J.W.: “But not everybody is hunky dory. They won’t be until we see more positive job growth, and that stems from regulatory decisions. The Affordable Care Act is one example of the uncertainty that makes companies cautious. That relates to how much space they take or how much building they do. Companies are more liquid than they have ever been, but they are still hesitant to expand until they see more certainty in how they are regulated and taxed.”
Comstock’s: Are banks more willing to lend for real estate projects now that interest rates are going up and balance sheets have shed a lot of distressed properties and bad debt? Has commercial real estate become more attractive for investing as yields on bonds and Treasury notes remain low?
J.B.: “The spreads between investment-grade bonds and real estate have always been there, and we’re always going to make more with loans than bonds. The real question is whether someone is willing to take the risk. Does the project make sense? Can the mortgage buyer pay the loan? Are the lease terms appropriate to the loan? In other words, our criteria are the same as always. What happened during the recession and the losses taken by Wall Street and commercial banks are still fresh in everyone’s mind, so underwriters are more cautious and things are more scrutinized. Our standards are the same as they were in the recession years. There are just more deals to look at now.”
J.W.: “Life insurance companies and big banks have pools of liquidity and excess deposits they can use to bid down the spread to try and find a return, I guess. On the whole, my underwriting standards are stiffer than they were in 2005, and they’ve been consistent since 2008. If we like a deal, it’s because of the price. In banking, you have to be right 95 times out of 100 to break even and 99 times out of 100 to make money. We can’t afford to be wrong. On the commercial side, if people have a project we will compete aggressively on price, and we can be more nimble or flexible than big banks. We’ve done 10- and 15-year terms, but shorter terms are generally better in a rising-interest environment.”
K.T.: “There are a lot of variables in the commercial office market. Rising interest rates could be disastrous. Most buyers amortize a building over 25 years, but loans are for three, five or 10 years. If loans come due when interest is at 7 or 8 percent, it could be a problem. The Fed has been buying $85 billion worth of bonds every month to keep things afloat, and if they taper that, it sends a little scare into the market. Hopefully, they will do that moderately.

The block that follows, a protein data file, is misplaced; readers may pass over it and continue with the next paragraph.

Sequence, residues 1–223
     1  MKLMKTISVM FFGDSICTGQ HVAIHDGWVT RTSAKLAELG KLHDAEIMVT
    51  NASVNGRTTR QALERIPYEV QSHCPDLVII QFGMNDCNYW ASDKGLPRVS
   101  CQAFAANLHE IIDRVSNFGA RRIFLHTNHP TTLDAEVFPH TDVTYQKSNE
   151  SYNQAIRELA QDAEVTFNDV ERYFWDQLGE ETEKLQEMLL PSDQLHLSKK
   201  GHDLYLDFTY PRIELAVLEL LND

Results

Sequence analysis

Comstock’s: Are new capital reserve levels required by Dodd-Frank or other regulatory mandates affecting the amount of money available for commercial real estate lending?
J.W.: No, but banks are working in a more regulated environment that can compress earnings. The Money Laundering Act and other regulations require us to do more to document processes and prove compliance, do more background checks and more training of our employees. Big banks can spread those costs and enjoy an economy of scale. Smaller banks have to outsource some of that.”
Comstock’s: Is there much foreign investment in the Sacramento market?
J.W.: “No, there isn’t much. I was in Sacramento when the Japanese were spending money here in the 1980s. We don’t have anything like that now.”
J.B.: “But there is a distinctive possibility it will happen when the arena and all the related investment comes to this market.”
Brian Collins is a 26-year-old director of accounts at Sacramento-based mobile applications marketing firm Appency. He makes what he calls “decent money,” is putting lots of it into a 401(k) and has an eye on his financial future. And, like most people his age, he’s decided that buying a house is not part of the plan.
Three years ago, Gov. Jerry Brown pulled the plug on local government redevelopment agencies and the estimated $5 billion a year they spend rebuilding inner cities to combat urban blight.